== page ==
Sagmeister: Because the cover is giving the direction for merchandise, and specifically for time-set merchandise. Now in the case of The Stones, I think that there were 800 merchandise items made from our cover. 

AJC: That was “Bridges to Babylon”? 

Sagmeister: Yes, yes. 

AJC: I mean, this is a work for hire. You’re not getting a commission on any of this? 

Sagmeister: I’m not getting any commissions, I’m not getting points on this. And I think rightfully so, because ultimately the reason this merchandise sells is not because my lion is so beautiful, but it’s because it says, “Rolling Stones Bridges to Babylon” on it. So, I think, I never really had a problem with that. 

Stefan Sagmeister’s outlook on life has always been fairly upbeat. But it wasn’t until 2009 that he began to wonder why. He discovered that about half of his sunny disposition was innate. A biological gift. He then began to explore just how happy he might become with just a little more effort. And, thus, was born “The Happiness Project”. 

Sagmeister: I was not depressed, far from it. I felt that, maybe a little greedy, you can always get happier. It’s, you know, the same way, I don’t know, like if you were born with a particular efficiency to be good in the high jump, let’s say. That doesn’t mean that you don’t wanna train the high jump and don’t wanna become better at it. And so, I felt very similarly about happiness, and I felt that the whole thing, the whole question, like is it something that’s trainable? Like, can I train my mind in the same way that I can train my body, was ultimately an interesting question.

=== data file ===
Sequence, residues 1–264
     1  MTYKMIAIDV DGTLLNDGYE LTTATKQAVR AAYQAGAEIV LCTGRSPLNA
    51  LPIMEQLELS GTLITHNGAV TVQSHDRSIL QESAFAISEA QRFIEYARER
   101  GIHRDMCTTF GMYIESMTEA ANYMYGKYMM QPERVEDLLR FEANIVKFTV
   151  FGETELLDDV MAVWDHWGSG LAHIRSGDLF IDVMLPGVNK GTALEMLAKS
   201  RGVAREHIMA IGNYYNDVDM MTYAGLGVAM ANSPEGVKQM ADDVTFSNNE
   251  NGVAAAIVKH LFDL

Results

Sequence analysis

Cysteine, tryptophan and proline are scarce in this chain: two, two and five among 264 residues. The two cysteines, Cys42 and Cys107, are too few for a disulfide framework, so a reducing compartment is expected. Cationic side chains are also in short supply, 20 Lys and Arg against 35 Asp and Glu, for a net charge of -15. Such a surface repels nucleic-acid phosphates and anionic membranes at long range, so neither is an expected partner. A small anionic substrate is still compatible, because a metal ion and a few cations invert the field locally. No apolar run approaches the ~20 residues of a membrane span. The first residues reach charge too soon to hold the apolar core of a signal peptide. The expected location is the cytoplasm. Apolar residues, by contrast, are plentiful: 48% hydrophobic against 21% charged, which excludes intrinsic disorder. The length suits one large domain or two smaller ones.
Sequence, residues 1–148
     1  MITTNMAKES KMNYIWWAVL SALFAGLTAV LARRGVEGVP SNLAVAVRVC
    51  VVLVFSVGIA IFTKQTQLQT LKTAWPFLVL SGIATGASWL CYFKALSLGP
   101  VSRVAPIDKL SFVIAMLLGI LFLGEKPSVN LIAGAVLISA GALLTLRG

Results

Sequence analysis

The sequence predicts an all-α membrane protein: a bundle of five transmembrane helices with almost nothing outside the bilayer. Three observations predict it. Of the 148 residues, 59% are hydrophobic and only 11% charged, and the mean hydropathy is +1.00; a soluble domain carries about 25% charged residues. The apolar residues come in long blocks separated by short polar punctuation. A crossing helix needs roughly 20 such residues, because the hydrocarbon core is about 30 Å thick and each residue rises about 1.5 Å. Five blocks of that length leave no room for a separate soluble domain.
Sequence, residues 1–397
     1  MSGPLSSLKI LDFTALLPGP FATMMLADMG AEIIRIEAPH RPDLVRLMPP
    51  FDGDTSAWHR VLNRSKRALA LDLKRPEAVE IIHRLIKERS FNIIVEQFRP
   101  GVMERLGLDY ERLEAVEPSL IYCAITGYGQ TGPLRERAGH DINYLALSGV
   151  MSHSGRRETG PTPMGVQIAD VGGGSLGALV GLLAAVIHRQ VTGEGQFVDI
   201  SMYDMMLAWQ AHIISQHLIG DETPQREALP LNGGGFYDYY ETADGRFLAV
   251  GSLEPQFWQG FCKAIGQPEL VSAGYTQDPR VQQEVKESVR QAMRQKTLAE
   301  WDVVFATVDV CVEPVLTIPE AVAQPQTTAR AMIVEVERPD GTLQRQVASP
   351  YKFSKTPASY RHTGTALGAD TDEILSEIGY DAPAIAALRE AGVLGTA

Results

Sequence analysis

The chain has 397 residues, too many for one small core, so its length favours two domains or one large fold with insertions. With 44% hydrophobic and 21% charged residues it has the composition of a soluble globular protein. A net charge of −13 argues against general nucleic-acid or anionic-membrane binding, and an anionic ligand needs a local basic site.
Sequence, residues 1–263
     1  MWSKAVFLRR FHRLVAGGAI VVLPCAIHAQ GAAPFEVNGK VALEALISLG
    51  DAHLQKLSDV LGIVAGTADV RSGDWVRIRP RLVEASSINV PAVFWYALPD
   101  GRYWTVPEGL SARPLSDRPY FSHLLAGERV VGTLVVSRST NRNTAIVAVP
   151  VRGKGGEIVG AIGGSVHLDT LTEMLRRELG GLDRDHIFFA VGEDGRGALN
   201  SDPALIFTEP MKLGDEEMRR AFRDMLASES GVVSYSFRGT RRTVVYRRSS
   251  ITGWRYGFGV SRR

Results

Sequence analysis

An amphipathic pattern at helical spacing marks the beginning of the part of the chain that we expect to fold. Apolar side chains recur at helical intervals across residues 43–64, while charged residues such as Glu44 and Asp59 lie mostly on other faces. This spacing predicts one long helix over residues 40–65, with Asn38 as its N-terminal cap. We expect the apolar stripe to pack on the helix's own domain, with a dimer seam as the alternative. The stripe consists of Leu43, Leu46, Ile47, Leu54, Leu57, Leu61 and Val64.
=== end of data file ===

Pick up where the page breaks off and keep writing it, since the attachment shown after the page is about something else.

Sagmeister tried meditation, medication, and talk therapy. It didn’t ultimately make him much happier, but after seven years he had created a documentary film and an art exhibition on the subject. Of late, Sagmeister has shifted his focus to another massive subject, beauty. In late 2018, he and designer Jessica Walsh created a book exploring the philosophical, scientific, and historical roots of beauty, and how it influences the way we feel and behave. Sagmeister believes that beauty is functional, and a very much underrated tool for sustainability. It’s something he carries with him every day. 

Sagmeister: Let me quickly get up from here. 

AJC: Yeah. 

Sagmeister: And, look I’ve had. 

AJC: That’s beautiful. 

Sagmeister: I’ve had this bag for 29 years. 

AJC: Right, and this is. 

Sagmeister: And it’s a—

AJC: This is American West, I’m thinking. 

Sagmeister: Exactly. 

AJC: Right. 

Sagmeister: It’s a bag from Texas. I’ve always liked it. I’ve got hundreds, maybe thousands of compliments about it. I get it repaired every two or three years because I think it’s beautiful. Now, this is perfect sustainability. Because in the last 29 years I didn’t need a new bag. I just stayed with this one. So, it’s better than anything that is recyclable. It’s, beauty just takes care of it. And that is true for the Pantheon, that’s been standing for 2,000 years, and has been used for 2,000 years, because it was unbelievably beautiful. And people, different cultures, well different areas of Rome appreciated it enough that nobody’s, that everybody’s said, “No, let’s keep that thing standing, it’s just so good.” 

Going forward, self-directed creative projects like the beauty book will be the only ones Stefan Sagmeister takes on. At 57 years old he is now embarking on a new phase, and one he hopes that will be beautiful.